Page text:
HB21-1286 | Energy Performance For Buildings !!! | Concerning measures to improve energy efficiency, and, in connection therewith, requiring owners of large buildings to collect and report on energy-use benchmarking data and comply with performance standards related to energy and greenhouse gas emissions and modifying statutory requirements regarding energy performance contracts.
- Limited to buildings in excess of 20K sq ft which is presently approx 3,000 buildings
- Must demonstrate compliance with performance standards every 5 years
SB21-230 | Transfer To Colorado Energy Office Energy Fund | Concerning a transfer of $40M from the general fund to the energy fund to finance programs of the Colorado Energy Office
SB21-231 | Energy Office Weatherization Assistance Grants | Concerning a transfer of $3M from the general fund to the energy fund to finance the weatherization assistance program of the Colorado Energy Office.
HB21-1253 | Renewable And Clean Energy Project Grants | Concerning a general fund transfer of $5M to the local government severance tax fund to fund grants to local governments for renewable and clean energy infrastructure projects
HB21-1303 | Global Warming Potential For Public Project Materials | Concerning measures to limit the global warming potential for certain materials used in public projects.
- Concrete and asphalt are 14% of the total GHGs emitted! This bill addresses that and our bill is the most comprehensive in the nation
HB21-1266 | Environmental Justice Disproportionate Impacted Community !!! | Concerning efforts to redress the effects of environmental injustice on disproportionately impacted communities. Click here for amendment adding much of SB200
- L009 added in Senate Finance which incorporated SB200 except transportation and buildings
- Provides for the first time a legislative definition of Disproportionally Impacted Community (DIC or DI Community)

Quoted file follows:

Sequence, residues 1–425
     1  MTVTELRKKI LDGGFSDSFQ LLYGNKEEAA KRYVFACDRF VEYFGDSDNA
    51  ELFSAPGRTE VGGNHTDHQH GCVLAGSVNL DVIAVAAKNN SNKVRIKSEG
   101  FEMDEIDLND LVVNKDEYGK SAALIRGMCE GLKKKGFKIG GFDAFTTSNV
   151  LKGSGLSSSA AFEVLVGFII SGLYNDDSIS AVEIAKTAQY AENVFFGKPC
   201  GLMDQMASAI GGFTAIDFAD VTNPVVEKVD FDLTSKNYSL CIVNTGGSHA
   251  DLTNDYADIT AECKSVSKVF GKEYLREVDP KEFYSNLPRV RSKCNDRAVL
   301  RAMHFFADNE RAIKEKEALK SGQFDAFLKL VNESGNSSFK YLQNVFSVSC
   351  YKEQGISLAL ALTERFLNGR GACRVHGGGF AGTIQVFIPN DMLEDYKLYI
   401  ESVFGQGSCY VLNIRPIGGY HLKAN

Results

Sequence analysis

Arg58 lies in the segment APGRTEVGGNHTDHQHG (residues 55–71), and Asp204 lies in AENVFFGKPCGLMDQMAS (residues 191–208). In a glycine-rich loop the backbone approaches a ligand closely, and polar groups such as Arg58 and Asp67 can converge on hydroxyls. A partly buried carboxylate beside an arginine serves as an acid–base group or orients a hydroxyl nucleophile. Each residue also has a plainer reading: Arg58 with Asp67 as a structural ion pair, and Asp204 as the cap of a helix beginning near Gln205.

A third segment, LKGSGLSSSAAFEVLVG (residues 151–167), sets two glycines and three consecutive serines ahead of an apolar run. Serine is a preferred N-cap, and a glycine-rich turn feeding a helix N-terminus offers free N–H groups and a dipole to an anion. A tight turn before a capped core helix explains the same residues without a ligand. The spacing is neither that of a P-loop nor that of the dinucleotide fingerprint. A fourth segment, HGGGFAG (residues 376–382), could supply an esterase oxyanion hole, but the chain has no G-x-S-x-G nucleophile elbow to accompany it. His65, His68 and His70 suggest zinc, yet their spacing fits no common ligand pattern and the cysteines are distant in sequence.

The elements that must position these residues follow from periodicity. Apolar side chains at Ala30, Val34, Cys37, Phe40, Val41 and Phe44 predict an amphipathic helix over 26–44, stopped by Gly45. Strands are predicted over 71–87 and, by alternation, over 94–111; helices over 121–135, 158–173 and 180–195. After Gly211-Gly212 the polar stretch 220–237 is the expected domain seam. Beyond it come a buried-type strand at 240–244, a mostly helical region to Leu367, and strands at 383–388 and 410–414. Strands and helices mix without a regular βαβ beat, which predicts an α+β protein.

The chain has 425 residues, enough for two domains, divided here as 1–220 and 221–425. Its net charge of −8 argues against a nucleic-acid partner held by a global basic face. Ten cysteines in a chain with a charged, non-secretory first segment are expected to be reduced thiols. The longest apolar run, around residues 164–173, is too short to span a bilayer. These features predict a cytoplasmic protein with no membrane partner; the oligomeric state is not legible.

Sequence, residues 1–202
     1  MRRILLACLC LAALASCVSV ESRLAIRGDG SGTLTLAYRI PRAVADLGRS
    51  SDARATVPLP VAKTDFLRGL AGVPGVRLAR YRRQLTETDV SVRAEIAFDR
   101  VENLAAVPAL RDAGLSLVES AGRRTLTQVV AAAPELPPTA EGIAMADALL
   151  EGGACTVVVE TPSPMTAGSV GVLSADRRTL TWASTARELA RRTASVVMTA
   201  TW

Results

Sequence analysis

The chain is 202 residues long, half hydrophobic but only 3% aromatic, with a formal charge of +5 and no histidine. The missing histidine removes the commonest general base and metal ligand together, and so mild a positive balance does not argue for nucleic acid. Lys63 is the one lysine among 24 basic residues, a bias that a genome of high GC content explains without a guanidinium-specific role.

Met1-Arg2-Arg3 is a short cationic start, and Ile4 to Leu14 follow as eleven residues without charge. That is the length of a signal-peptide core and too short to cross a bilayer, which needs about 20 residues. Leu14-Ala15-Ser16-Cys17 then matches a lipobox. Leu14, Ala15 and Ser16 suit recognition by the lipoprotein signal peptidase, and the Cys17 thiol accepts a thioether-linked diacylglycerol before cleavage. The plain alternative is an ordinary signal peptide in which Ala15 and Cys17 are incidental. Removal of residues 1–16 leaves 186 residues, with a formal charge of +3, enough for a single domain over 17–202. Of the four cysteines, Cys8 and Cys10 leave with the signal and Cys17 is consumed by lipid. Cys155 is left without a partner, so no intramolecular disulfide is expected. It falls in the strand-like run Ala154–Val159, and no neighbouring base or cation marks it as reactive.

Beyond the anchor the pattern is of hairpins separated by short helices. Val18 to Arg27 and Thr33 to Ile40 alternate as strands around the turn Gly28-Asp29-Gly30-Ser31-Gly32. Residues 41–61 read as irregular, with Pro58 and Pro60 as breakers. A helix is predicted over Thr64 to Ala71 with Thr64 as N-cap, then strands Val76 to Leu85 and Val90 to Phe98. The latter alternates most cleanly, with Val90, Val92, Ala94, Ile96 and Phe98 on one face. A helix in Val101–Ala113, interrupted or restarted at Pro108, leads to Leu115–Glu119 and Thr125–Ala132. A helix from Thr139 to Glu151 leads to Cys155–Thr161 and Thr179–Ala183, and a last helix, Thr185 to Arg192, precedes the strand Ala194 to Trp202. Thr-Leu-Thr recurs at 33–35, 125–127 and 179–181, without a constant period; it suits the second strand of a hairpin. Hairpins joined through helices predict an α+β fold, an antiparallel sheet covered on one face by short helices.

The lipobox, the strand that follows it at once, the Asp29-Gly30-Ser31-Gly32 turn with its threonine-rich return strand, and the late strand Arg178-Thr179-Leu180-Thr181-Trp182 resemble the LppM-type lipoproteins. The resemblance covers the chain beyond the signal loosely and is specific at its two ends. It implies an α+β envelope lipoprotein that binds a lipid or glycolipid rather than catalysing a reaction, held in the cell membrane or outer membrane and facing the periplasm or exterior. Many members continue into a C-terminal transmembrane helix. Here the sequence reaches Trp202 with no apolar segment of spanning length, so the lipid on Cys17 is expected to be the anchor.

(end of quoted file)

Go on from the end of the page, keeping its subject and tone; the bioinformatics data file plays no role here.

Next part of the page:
- Creates an Ombudsman at CDPHE to assist DICs in rulemakings and complaints and a task force to go into DICs (along with the money to fund it) and actively solicit participation including child care, nght/weekend hours, multi-language, snacks, transit access etc.
- BUT “nothing in this act alters the GHGs reductions goals previously enacted in either amount or timing” and
- Adds that AQCC may promulgate rules that increase the previously enacted targets
- Add GHGs in toto as a reportable emission with fees and reporting/monitoring requirements
- Establishes the requirement for monitoring in DICs including PM2.5
- Establishes GHGs as a pollutant and requires fees for emissions thereof
- Provides recourse for more legislation/rulemakings if Roadmap goals are not met (as reported in odd-numbered years)
- “Encourages” AQCC to promulgate rules in utilities sector that reduces GHGs by at least 48% by 2025 and 80% by 2030
- “Encourages” AQCC to promulgate rules in industrial manufacturing sector and the O&FG sector that reduces GHGs by at least 36% by 2025 and 60% by 2030
- Established a cap-and-trade system for emissions
- Establishes a social cost of GHGs using a 2.5% discount rate based on the federal standard whoever is higher
- Requires self-reported monitoring of GHGs in addition to existing pollutants (HAPs/CO2/NOx/VOCs/etc)
HB21-1274 | Unused State-owned Real Property Beneficial Use | Concerning the beneficial use of unused state-owned real property, and, in connection therewith, directing the department of personnel to inventory such property and use such property to promote affordable housing and renewable energy development.
HB21-1312 | Insurance Premium Property Sales Severance Tax | Concerning taxation, and, in connection therewith, narrowing the scope of the home office insurance premium tax rate reduction
HB21-1162 | Management Of Plastic Products !!! | Concerning the management of plastic products.
- Amended out the provision to allow local government preemption for the ban of more types of plastics, then amended it back in again!
- Amended to exclude from the bag ban any business with less than 3 locations
- 10c on paper and plastics no mo’ starting 2023
- Lunch ladies win so schools get to keep using styrofoam until 2025.
HB21-1052 | Define Pumped Hydroelectricity As Renewable Energy !!! | Concerning the inclusion of pumped hydroelectric energy generation in the definition of “eligible energy resources” for purposes of meeting Colorado’s renewable energy standard.
HB21-1131 | Cooperative Electric Associations Governance Requirements !!!